What’s one personal goal and one overall team goal for the 2019 MLL season with Boston Cannons?

My personal goal is to catch Alex Smith’s records in the MLL. When I was a kid he used to tell me that I would never catch any of his numbers and it has been an absolute mission of mine to be able to say I was the person to do it. For the 2019 MLL season my goal as a team is to bring a championship back to Boston and help grow the league, sport and culture as much as I possibly can. I love this sport and the opportunities it has given me.

 

Thoughts on the PLL (Premier Lacrosse League)? Is this a league you will be considering in the future?

When I first heard about the PLL, it was pretty concerning knowing such a small sport was going to create more division. I am confident that group of guys will help grow the sport and it can only benefit both leagues in the end. I’m excited to see the direction the sport takes. For now, I’m focused on being Boston Cannon and winning an MLL Championship.

 

 

Compare yourself to an athlete from a different sport. How are you similar?

If I had to chose one athlete from another sport, it would have to be Russell Westbrook. He plays with so much passion and brings energy everytime he touches the ball. I try to emulate his style of play as much as possible.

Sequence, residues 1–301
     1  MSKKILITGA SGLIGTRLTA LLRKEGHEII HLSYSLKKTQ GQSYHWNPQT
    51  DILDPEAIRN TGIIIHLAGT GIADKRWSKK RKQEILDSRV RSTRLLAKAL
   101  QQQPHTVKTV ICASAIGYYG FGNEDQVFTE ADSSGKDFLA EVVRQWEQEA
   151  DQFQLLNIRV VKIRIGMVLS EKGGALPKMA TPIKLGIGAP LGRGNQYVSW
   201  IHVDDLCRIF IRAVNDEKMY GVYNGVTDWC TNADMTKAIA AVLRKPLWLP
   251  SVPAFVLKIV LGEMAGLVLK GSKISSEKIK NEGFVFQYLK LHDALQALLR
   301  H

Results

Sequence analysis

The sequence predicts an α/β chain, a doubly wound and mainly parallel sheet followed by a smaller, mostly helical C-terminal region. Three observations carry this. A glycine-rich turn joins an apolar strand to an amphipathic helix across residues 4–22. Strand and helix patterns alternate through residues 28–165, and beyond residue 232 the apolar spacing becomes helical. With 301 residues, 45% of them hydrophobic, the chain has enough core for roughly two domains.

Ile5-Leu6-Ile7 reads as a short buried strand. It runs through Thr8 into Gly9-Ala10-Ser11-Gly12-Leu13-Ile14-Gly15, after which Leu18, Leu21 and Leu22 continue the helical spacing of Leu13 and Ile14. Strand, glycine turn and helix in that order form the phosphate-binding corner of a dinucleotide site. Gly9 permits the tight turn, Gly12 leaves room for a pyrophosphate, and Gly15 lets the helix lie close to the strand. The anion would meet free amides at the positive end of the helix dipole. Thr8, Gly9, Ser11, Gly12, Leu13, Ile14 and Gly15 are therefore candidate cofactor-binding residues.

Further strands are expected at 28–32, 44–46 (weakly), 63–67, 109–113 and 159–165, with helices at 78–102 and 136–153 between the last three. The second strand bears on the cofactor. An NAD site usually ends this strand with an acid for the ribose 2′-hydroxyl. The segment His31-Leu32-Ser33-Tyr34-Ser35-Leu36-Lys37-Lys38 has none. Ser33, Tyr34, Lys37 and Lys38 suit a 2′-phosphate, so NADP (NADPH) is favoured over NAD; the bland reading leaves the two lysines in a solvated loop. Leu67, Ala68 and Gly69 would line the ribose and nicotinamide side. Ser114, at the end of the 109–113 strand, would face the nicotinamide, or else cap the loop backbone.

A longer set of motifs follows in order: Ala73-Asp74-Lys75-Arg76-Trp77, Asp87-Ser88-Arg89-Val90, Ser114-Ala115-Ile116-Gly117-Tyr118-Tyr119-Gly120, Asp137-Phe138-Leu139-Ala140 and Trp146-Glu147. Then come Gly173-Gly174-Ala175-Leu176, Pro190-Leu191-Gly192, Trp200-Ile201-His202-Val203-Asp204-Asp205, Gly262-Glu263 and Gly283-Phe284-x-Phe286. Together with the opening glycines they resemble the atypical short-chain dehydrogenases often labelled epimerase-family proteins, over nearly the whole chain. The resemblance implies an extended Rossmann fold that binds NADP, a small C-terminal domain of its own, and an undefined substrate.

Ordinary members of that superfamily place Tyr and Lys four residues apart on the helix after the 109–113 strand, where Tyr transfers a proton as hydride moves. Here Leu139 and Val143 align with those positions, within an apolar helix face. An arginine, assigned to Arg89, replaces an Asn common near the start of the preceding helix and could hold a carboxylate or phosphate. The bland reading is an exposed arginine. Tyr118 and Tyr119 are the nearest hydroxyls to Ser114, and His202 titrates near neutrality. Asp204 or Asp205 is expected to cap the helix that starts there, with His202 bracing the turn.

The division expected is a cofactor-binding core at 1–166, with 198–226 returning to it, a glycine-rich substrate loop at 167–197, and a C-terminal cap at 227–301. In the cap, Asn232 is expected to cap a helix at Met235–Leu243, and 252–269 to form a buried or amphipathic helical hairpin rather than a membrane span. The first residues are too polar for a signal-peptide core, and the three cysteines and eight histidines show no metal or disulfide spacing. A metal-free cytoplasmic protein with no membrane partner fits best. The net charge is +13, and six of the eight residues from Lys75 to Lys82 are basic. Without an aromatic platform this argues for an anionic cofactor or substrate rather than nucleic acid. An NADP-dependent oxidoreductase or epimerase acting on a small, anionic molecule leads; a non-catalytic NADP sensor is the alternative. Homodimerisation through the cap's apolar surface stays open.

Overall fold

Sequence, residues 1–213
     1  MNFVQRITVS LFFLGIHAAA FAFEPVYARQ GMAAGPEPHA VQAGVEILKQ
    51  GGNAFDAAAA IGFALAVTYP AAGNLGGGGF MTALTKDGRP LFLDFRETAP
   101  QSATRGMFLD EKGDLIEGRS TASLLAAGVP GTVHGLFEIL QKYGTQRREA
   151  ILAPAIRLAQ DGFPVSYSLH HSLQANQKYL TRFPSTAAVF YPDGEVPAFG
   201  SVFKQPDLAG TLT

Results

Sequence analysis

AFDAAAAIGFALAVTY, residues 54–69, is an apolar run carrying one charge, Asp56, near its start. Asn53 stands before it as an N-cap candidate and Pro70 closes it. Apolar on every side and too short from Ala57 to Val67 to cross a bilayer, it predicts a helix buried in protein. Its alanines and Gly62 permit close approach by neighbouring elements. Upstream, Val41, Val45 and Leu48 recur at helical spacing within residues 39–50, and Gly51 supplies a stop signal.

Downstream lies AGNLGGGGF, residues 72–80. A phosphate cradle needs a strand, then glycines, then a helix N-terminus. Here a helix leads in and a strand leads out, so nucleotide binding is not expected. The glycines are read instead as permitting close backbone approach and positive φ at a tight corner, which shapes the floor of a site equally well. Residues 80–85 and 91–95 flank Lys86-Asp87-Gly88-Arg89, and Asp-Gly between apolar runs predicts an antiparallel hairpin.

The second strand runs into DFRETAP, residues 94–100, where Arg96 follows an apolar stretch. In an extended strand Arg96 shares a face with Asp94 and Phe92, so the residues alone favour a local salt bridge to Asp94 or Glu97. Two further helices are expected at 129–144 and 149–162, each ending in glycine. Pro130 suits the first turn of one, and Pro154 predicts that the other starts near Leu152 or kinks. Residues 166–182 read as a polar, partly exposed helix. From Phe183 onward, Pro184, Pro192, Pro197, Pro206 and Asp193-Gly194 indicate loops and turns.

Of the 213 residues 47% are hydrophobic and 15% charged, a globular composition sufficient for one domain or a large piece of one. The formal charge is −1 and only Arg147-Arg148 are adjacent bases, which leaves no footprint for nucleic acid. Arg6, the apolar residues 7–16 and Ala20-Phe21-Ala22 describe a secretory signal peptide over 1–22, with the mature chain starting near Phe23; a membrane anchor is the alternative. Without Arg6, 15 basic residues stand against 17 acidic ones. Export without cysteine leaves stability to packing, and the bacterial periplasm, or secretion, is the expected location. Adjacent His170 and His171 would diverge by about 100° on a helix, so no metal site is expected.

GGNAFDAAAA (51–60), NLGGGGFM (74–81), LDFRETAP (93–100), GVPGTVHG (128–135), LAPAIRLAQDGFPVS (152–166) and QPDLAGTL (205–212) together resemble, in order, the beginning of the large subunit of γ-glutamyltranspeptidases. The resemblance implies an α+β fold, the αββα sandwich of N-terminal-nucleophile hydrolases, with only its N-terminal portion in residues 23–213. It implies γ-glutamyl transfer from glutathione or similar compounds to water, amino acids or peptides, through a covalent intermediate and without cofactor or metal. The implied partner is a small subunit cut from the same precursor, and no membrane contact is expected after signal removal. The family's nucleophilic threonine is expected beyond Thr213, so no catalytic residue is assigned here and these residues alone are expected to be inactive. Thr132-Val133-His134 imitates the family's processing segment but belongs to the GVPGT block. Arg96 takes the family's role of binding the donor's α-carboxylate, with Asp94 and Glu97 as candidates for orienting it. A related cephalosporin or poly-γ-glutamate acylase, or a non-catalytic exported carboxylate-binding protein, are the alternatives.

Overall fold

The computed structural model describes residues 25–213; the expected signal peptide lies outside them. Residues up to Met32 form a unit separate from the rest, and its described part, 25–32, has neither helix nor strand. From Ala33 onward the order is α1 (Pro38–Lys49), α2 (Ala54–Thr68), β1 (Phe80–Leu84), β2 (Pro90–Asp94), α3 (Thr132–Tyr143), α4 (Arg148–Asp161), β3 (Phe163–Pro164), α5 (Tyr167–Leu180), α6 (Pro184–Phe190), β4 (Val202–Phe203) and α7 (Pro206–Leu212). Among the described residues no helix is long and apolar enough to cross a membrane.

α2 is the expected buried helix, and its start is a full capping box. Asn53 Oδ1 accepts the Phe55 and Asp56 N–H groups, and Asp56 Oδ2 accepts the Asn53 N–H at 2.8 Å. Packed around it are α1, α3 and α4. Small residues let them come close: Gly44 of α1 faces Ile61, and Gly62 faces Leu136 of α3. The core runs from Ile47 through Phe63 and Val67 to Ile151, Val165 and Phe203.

What’s the best piece of advice you could give to a faceoff man looking to be successful at the X?

The most important advice I can give is to work on being a lacrosse player first, then a faceoff guy. The position is changing and its important be able to actually play not just faceoff.

 

How did Faceoff Lab start?

I started the Face Off Lab because I was tired of the identity of the position. When you think of a face off guy, you think quick hands, slow feet, unathletic and can’t shoot. I was literally none of those things. The position is changing and I want to be at the forefront of the change. I want to recreate the position.

 

What two or three accomplishments have given you the most satisfaction and why?

Winning my first Patriot League Championship will always be very important to me. At Loyola, we held ourselves to such a high standard, but for me, finally winning something and being able to be a part of that team was an amazing experience. Playing in my very first Final Four was also a huge accomplishment for me. As a kid I dreamed about being on that field one day and having the opportunity to actually do it was something I will always remember. The toughest moment in my life was not being drafted in the MLL Collegiate Draft. To some people it wasn't a big deal, or they didn't care if they got picked, but for me playing professional lacrosse was a lifelong dream of mine. When I sat there and watched as other guys got picked up, it left a really bad taste in my mouth, it made me work harder and have a purpose to prove people wrong.